• Creating stories of hope: A narrative approach to illness, death and grief— Lorraine Hedtke Quick View

    A narrative approach allows psychosocial teams to stand alongside children who have cancer, or life-threatening illnesses, and their families at critical times and to create stories of agency. Rather than dwelling on stories of loss and despair that potentially enfeeble families, a narrative approach builds on stories of strength that engender hope by asking questions that separate the person from the problem. Developing such stories supports people in taking action against the effects of cancer. It also facilitates the formation of a legacy that can sustain family members, even after the death of a child. This legacy serves as the foundation for remembering the dead, folding their stories into the lives of the living, and constructing lines of relational connection that can transcend physical death. Not only do families benefit from this approach, but the psychosocial team that provides professional and medical services can be uplifted through witnessing practices of strength and love in the face of hardship.

  • Passing hope around: Youth messaging strategies for becoming drug-free— Warren Whyte Quick View

    Collective narrative practice facilitates geographically separated groups of people to share their experience and wisdom in standing up to common problems. This article documents a particular collective narrative practice between a group of youth in prison at Burnaby Youth Custody Services and a group of youth in treatment for substance misuse at Peak House in Vancouver, Canada. The purpose of outlining this exchange of solution knowledges is to highlight certain practical and theoretical aspects of collective practices that were effective for the youth, in order to continue the narrative discussion for future practitioners. By assuming the youth had healing knowledges, by providing them with a relevant audience, and by offering them the opportunity to make a meaningful contribution to others; this writer was able to facilitate young people in sharing their own solutions with each other in mutual encouragement against a common social issue. Exchanging collective narrative documents with other youth seemed to cultivate a sense of self-determination towards therapeutic work, a feeling of solidarity and belonging with similar strugglers, and a sense of hope and enthusiasm that change is indeed possible.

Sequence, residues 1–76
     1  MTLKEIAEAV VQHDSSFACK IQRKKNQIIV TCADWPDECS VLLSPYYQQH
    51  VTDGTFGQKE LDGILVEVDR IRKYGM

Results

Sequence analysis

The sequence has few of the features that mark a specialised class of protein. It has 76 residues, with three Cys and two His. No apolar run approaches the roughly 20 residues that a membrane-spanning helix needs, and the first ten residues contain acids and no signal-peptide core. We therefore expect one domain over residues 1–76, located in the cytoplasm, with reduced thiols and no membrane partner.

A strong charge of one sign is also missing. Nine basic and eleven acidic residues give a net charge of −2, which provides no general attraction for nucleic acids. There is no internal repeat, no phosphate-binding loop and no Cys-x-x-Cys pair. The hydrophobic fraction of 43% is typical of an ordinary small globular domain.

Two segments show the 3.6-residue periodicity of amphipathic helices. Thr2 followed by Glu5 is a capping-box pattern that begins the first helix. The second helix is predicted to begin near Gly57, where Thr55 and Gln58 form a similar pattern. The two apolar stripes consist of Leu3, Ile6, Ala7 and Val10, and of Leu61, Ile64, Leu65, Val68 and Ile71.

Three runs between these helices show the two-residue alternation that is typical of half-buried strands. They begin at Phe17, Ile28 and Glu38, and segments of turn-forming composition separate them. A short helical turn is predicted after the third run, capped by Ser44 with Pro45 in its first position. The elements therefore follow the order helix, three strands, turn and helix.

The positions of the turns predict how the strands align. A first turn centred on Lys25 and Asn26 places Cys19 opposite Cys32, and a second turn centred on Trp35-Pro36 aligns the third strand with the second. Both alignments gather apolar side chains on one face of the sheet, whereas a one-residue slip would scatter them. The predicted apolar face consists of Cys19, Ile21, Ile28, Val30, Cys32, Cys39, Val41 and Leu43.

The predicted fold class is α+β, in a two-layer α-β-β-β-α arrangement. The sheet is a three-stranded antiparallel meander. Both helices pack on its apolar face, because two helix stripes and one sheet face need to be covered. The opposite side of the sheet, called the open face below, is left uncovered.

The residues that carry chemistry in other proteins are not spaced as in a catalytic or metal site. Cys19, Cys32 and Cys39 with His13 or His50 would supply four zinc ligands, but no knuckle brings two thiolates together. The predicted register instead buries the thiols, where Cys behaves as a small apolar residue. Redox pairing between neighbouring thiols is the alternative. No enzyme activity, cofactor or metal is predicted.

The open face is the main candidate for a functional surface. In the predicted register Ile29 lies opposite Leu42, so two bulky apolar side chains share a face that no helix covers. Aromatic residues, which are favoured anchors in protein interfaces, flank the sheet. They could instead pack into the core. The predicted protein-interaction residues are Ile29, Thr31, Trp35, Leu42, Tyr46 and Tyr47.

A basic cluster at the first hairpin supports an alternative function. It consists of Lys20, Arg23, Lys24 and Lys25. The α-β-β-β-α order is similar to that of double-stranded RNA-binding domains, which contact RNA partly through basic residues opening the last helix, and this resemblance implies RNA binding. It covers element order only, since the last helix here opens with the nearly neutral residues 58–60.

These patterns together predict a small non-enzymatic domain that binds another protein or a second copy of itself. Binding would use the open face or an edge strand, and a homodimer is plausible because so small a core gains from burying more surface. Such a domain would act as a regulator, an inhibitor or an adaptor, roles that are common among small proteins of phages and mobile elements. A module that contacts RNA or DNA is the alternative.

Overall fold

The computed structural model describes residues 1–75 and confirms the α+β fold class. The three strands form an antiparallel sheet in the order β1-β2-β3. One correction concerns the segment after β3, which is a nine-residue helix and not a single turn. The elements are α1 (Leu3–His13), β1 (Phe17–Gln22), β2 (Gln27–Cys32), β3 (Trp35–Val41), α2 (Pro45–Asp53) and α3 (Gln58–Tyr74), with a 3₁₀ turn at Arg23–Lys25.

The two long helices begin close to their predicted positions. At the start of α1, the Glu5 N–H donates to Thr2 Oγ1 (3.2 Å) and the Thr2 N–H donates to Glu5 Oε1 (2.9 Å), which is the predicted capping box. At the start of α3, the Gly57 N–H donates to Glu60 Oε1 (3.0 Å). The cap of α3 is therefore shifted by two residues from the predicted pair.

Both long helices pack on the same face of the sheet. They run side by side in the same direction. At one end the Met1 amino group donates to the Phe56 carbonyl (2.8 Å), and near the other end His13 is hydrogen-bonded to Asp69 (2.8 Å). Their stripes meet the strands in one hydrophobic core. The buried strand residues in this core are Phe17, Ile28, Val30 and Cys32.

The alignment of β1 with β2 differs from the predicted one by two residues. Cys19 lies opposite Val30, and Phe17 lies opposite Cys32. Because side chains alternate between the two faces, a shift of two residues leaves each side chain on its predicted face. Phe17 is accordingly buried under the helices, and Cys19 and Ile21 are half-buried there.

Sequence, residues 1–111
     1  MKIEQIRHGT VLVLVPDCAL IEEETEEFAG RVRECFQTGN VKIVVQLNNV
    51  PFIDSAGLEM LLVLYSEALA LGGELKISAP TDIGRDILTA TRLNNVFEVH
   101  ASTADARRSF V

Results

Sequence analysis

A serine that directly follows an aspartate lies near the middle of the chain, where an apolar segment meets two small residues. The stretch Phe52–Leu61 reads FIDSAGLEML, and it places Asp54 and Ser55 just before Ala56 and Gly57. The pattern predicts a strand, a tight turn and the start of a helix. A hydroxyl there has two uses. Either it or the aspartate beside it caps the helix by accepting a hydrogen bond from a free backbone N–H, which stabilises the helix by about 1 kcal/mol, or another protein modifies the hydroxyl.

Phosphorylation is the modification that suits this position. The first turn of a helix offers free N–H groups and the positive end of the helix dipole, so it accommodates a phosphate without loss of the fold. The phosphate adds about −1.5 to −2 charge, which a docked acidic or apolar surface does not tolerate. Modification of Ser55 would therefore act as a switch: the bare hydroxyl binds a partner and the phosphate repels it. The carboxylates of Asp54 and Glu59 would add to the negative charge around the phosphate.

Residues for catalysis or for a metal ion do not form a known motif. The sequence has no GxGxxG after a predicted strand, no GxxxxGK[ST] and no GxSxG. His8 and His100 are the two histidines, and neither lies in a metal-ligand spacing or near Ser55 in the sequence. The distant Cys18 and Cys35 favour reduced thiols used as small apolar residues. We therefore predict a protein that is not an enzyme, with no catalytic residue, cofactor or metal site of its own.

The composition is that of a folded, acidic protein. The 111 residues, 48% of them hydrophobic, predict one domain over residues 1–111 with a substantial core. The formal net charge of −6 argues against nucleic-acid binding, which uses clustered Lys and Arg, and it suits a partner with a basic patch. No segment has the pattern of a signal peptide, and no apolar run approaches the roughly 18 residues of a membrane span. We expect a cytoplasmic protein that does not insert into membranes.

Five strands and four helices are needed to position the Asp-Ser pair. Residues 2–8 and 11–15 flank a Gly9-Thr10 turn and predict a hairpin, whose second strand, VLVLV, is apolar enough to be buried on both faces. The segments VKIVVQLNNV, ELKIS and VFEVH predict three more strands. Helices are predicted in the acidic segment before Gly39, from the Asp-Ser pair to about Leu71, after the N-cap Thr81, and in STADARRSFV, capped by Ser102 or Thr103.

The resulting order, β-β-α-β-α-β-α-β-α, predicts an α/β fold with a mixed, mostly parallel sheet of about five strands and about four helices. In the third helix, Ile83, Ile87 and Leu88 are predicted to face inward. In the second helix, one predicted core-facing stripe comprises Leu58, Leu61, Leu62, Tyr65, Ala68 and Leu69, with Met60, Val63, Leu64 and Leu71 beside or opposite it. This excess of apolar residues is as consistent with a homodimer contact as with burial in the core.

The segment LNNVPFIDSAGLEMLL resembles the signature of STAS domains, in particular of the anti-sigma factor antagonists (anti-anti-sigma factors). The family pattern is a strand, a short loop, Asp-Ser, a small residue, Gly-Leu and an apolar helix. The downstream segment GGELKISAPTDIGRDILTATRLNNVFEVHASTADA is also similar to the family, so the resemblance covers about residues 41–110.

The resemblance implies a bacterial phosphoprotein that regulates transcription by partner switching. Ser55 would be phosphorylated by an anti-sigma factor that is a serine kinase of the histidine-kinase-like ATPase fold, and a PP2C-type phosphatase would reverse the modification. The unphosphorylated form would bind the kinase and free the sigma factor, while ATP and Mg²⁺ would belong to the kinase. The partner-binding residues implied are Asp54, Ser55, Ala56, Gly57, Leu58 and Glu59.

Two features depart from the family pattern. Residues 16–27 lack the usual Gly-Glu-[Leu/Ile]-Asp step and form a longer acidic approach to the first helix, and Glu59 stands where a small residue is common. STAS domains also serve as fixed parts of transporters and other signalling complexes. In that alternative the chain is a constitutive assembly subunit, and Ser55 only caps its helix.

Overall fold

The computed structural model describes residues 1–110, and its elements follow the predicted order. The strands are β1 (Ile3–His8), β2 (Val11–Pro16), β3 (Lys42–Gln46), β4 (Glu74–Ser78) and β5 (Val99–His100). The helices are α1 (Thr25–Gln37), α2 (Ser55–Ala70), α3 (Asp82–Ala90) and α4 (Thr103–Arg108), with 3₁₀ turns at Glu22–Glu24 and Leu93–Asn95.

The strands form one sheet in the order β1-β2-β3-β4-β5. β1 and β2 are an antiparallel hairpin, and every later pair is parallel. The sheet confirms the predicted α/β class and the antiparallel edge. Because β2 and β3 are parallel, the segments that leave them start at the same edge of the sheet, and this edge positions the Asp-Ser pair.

• Lighting a Candle… Finding a Way Forward: The Work of ‘the Way’: The Palestinian Organisation for Development and Democracy— Virginia Leake Quick View

    This interview took place in Ramallah, in the Palestinian Territories. It describes the work of a new Palestinian organisation The Way: The Palestinian Organisation for Development and Democracy which seeks to build a Palestinian civil society and achieve an independent Palestine through non-violent resistance. This interview traces the history of this organisation’s work, the challenges being faced, the projects they are developing, and a philosophy that engenders hope. The interviewer was Virginia Leake, who works for Dulwich Centre Publications. Angel Yuen and Ruth Pluznick were also present.

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